Now we know where the photo is, so we can do that, but if you didn't know where a particular photo was. You can simply copy the name from here and using the search mechanisms in your Operating System. You can search for the photo's new location, and when you knew where it was, click locate and navigate to that location. So I'm going to go here. And then here to my Chapter Two folder. And there is that vertical photo, here in the Sienna folder. I'll select that. I'll leave find nearby missing photos checked, because if I had multiple missing photos.

Relocating just one of them for Lightroom can sometimes re-point Lightroom to the others as well. And I'll click Select. Now Lightroom knows that that vertical photo is not in the Paris folder, so that photo is disappeared from the Paris folder. If I click on the sienna folder, you can see that Light Room now knows where the photo is. And there is no exclamation mark on it. And I could work with this photo. So that's what to do when your photos or folders go missing. Well how do you avoid them going missing in the first place if you do want to rearrange them? If you want to rearrange photos or folders and you're just working with a finite number of photos or folders. Then I suggest that you do that from inside the Folders panel in Lightroom. For example, if I wanted to move this whole folder I would select it in the Folders panel and drag it where I wanted it to go. Inside the 02/10 folder, for example, where it started, and Lightroom tells me that that's fine, I can do that.

But that's going to actually move the folder with it's files out in my Operating System. So, be aware that if you move photos or folder inside of Lightroom that will actually move them out on your hard drives as well. I'll click move and in just a moment the Sienna folder is where it started inside the 02_10 folder. Now, let's say you want to move one or more files. Can you do that? Yes, the same way. You can select files here. And I need to click right on the image thumbnails if I'm going to move them. Not on their frames.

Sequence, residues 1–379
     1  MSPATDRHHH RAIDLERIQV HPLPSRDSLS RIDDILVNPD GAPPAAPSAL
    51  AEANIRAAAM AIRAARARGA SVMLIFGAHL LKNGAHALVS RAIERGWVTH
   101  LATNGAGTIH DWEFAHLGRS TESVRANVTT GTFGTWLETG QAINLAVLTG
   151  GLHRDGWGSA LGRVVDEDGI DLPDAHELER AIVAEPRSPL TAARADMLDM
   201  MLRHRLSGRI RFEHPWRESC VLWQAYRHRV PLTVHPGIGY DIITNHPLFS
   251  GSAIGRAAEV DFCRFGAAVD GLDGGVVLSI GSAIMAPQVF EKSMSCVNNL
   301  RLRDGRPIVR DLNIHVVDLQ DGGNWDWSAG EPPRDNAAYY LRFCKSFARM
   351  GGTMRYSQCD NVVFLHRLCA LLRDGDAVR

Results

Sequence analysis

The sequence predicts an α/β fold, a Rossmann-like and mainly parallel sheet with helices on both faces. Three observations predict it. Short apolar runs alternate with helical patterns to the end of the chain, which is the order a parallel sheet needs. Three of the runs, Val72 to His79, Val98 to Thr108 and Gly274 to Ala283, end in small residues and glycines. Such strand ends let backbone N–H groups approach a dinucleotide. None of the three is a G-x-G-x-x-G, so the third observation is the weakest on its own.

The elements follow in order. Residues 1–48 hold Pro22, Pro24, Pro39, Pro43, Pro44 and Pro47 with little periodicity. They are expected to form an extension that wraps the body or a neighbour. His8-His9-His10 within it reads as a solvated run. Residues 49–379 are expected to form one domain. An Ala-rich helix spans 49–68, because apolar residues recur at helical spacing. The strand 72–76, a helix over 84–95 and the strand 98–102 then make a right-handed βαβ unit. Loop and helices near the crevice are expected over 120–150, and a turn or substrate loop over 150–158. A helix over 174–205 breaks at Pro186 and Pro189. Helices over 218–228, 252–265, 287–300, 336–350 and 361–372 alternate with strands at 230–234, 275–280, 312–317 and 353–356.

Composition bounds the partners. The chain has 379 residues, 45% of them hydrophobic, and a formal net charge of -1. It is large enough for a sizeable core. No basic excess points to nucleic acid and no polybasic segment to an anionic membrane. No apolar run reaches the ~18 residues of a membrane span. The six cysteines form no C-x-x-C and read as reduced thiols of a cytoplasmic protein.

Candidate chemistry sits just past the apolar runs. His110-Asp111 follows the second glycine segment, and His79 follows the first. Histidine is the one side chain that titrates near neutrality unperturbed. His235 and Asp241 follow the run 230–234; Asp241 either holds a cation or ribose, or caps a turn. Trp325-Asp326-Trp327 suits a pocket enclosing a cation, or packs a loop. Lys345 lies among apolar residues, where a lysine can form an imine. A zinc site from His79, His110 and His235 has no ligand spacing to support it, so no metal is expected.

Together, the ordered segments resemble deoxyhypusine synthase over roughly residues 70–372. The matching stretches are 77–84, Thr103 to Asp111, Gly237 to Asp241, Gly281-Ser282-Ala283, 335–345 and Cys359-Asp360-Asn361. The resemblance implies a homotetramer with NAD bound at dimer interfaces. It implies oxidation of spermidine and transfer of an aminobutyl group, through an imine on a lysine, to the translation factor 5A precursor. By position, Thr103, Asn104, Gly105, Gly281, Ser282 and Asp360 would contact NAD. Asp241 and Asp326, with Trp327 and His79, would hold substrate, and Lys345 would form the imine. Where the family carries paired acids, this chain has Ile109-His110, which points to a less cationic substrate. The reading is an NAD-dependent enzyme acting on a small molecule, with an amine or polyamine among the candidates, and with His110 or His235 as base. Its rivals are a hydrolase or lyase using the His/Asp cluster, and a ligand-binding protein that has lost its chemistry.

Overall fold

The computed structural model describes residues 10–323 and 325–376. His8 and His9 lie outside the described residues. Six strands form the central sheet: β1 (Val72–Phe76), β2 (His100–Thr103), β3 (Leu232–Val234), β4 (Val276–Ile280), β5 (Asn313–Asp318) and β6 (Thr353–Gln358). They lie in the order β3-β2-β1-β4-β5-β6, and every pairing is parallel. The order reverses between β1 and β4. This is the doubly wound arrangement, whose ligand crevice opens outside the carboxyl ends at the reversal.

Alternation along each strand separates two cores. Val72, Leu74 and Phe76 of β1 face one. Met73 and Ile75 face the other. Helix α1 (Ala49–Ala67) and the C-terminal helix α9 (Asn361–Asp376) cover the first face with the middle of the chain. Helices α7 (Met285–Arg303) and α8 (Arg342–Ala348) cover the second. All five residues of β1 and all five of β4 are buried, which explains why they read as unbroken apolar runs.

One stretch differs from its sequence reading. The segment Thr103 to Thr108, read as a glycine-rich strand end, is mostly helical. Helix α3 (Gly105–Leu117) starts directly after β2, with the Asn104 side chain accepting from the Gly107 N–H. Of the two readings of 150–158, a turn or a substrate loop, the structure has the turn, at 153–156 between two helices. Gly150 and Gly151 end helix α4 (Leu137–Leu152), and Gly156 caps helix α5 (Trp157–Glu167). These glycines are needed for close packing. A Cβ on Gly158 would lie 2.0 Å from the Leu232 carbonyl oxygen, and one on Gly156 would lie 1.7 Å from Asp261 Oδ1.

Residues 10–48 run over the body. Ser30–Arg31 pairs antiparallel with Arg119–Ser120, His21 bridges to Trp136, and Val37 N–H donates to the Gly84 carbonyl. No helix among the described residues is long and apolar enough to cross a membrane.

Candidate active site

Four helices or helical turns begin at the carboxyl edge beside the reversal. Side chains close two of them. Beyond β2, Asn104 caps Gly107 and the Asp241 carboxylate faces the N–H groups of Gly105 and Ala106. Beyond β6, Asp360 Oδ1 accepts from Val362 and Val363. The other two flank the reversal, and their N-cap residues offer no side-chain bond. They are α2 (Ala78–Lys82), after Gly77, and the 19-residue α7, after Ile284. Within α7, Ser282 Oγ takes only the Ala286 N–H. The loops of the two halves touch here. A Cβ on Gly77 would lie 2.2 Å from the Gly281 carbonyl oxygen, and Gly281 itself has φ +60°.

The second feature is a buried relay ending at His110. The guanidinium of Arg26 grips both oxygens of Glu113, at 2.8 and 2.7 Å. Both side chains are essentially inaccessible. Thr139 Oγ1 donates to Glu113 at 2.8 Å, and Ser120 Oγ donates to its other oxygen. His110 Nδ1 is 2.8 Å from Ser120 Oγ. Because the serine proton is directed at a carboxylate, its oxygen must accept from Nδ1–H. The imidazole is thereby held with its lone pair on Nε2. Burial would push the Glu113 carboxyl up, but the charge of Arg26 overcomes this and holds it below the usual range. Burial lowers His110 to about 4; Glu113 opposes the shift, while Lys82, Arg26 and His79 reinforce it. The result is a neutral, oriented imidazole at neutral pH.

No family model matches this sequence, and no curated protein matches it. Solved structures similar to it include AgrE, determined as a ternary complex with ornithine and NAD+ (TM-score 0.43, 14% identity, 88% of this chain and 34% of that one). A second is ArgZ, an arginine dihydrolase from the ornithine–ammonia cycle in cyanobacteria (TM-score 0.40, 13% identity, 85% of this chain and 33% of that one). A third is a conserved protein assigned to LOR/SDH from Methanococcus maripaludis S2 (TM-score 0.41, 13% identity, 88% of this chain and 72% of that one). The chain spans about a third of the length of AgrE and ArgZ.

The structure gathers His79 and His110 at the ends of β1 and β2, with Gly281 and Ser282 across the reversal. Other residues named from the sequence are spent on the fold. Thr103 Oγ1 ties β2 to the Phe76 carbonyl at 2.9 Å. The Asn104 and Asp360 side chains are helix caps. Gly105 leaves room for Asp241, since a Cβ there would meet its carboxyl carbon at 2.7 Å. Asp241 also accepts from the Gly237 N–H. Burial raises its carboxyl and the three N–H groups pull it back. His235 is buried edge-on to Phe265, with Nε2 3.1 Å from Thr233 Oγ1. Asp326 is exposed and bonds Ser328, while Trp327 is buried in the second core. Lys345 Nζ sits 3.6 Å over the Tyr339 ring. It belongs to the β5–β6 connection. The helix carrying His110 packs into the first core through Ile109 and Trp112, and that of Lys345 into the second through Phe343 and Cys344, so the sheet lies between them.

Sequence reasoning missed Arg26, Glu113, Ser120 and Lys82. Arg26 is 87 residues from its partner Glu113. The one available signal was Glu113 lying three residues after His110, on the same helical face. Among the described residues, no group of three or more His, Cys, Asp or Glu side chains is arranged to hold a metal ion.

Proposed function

And then I'll click on either one of those thumbnails, and I'll drag. I'll just put these in the Paris folder. That will move them on the hard drive as well, as inside of Lightroom. That's okay with me, I'm going to click, Move. And now, I've moved those two files, this one and this one, into the Paris folder. And I did that from inside Lightroom. So, that's just generally how I'd suggest that you move files and folders from inside Lightroom, however, there's one exception to that rule. Let's say, as I suggested you do at the beginning of the course. All of your Lightroom photos are on a single hard drive and they're inside a parent folder, like the Exercise files folder here or a folder called my Lightroom photos.

And your drive fills up. And so, you go out and purchase a larger hard drive. And you want to move all of your Lightroom photos onto that larger hard drive, but you want Lightroom to know where they've gone. You could do that from inside the Folders panel here but that's a little complicated. You'd have to have at least 1 photo on that new hard drive and you would have to import that one photo into your Lightroom catalog. Then you could take your umbrella folder, your parent folder and drag it until the new hard drive which would appear here in this list. However, I don't suggest you do that, because there's kind of a delay if your moving a lot of files from one hard drive to another.

And when it's all of your photos, you want to be sure you know what's happening. So in that case, I would actually, move the entire parent folder outside of Lightroom. And then just repoint Lightroom to the new location. So, that's a look at missing files and folders in Lightroom. There's one other thing that can cause files or folders to go missing and that is if you rename them outside of Lightroom. And that's what we're going to talk about next.